Health Minister Juan Carlos Zevallos delivered a sobering assessment of the rapidly spreading coronavirus epidemic in Ecuador on Wednesday afternoon. “I regret to say that, despite all our efforts, the virus curve continues to rise exponentially,” he said, noting that the total number of confirmed cases is well below the actual total. “There is significant under-reporting due to a lack of tests.”
Wednesday’s total of confirmed cases, 2,758, grew by 456 from Monday’s count.
Zevallos said he expects numbers to continue their rapid climb for several more days. “I don’t expect to see a peak in new cases until late next week but after that we can expect to see a flattening of the curve and then a downturn,” he said.
Ecuadorians should understand what to expect from Covid-19 in the weeks and months ahead, Zevallos said. “Researchers at Harvard University and the U.S. Centers for Disease Control (CDC) tell us that this terrible contagion will continue until there is a vaccine, which is probably 18 months away,” he said. “Thier models show that 60 percent of the world’s population will be infected with Covid-19 ” within about 120 days,” he said. In a social media post, he added that models indicate that 70 to 80 percent of those living in urban areas will ultimately be infected while 30 to 40 percent of rural residents will be.
“In Ecuador, our efforts to slow the spread will soon show positive results but it is important to understand that this doesn’t mean people will escape infection. Most of us will eventually contract the disease,” Zevallos said.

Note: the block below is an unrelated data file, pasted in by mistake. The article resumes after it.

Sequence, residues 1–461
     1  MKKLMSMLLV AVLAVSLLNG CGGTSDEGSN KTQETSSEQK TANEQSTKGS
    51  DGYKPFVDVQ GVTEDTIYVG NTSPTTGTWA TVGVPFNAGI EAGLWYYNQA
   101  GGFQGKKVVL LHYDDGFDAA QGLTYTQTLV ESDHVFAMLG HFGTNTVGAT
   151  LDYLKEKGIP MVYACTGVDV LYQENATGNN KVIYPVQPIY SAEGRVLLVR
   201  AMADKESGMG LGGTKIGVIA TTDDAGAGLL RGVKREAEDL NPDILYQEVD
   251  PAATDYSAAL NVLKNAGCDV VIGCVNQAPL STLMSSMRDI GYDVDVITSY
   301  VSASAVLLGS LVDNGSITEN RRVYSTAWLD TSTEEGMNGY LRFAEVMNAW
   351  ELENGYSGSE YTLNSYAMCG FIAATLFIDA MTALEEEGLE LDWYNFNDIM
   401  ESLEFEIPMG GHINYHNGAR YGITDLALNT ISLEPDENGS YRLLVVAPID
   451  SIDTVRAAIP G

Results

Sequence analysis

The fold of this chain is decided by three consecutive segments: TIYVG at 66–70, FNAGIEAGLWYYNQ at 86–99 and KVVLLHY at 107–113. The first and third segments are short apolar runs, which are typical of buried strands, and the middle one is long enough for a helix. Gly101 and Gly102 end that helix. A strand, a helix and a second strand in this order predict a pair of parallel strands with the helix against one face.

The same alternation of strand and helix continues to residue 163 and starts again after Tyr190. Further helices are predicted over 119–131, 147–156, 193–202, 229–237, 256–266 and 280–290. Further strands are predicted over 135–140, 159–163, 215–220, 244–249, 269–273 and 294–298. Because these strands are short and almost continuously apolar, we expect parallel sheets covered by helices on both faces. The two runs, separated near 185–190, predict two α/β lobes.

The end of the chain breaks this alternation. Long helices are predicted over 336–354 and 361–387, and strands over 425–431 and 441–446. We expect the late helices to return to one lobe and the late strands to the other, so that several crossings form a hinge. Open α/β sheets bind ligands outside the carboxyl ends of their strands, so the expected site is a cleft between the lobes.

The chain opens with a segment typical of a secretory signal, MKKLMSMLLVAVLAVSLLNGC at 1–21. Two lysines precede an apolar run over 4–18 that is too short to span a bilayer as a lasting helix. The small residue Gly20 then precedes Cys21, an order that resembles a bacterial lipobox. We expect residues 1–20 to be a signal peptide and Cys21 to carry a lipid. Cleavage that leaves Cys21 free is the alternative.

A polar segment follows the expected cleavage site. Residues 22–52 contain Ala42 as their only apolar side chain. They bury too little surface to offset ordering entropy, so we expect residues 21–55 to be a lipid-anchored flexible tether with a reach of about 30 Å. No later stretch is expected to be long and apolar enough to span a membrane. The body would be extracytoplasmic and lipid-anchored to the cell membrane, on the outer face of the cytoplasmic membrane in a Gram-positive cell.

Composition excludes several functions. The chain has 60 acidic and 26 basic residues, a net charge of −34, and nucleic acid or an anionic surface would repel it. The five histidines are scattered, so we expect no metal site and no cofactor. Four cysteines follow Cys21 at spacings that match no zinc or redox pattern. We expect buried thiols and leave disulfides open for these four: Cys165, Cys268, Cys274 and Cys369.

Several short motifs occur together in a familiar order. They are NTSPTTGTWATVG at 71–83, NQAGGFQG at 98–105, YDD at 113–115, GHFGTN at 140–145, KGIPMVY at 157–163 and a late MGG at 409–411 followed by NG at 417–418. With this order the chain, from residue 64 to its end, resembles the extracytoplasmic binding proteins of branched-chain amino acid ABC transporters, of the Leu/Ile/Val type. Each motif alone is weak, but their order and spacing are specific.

In an earlier press briefing, Deputy Health Minister Ernesto Carrasco said that Monday’s and Tuesday’s spike in new cases was not unexpected, since the lower counts from the weekend were the result of limited testing. “When you receive the results of more tests, you have more positives,” he said. He also said that the vast majority of the new cases were contracted before national stay-at-home rules went into effect. “Most of the cases we are reporting today and those we will report in the coming days were contracted two or three weeks ago and do not reflect the restrictions and curfew we are under today. We are on the path to recovery but we are not yet seeing the results of those efforts.”
Like Zevallos, Carrasco expects new cases to peak next week.
Carrasco says Ecuador’s testing program continues to face problems. “We have tens-of-thousands of new tests arriving but we just learned today that there is a shortage of the reagents needed to verify those tests,” he said. Roche Pharmaceutical, the company that supplies the reagents, will not be restocked for three to four days, he said.
In Tuesday’s count, Guayas Province continues to report about 70 percent of all cases in Ecuador, with 1,941 and 86 of the country’s 98 virus deaths. In Azuay Province, the number of cases rose from 77 to 94, with 82 of those in Cuenca.
Nationally, 58 virus patients have tested negative and have been released from hospitals or home quarantine.
Body collection problems continue in Guayaquil
The Health Ministry says it continues to collect bodies in Guayaquil and added that there is a new problem: a shortage of coffins for the dead. “Most workers that provide supplies to the funeral industry are not working due to the shutdown, so coffins are not being built,” says Merwin Terán, president of the Guayaquil funeral association. “For the same reason, only 20 of the city’s 120 funeral homes are operating and this has resulted in the burial problem. Owners and employees in the funeral homes are afraid of getting the disease and prefer to close their doors.”
Coastal Ecuadorians return to their rural sierra roots
According to transportation officials, thousands of Ecuadorians who relocated from the sierra to the coastal region for employment are coming home to weather the coronavirus. There is a constant stream of traffic toward the mountains and many vehicles are taking detours to avoid roadblocks between provinces and cantons, officials say. “Traditionally, epidemics are more severe on the coast and many people prefer to move back to the rural highlands, especially if they have family there,” a transit officer said.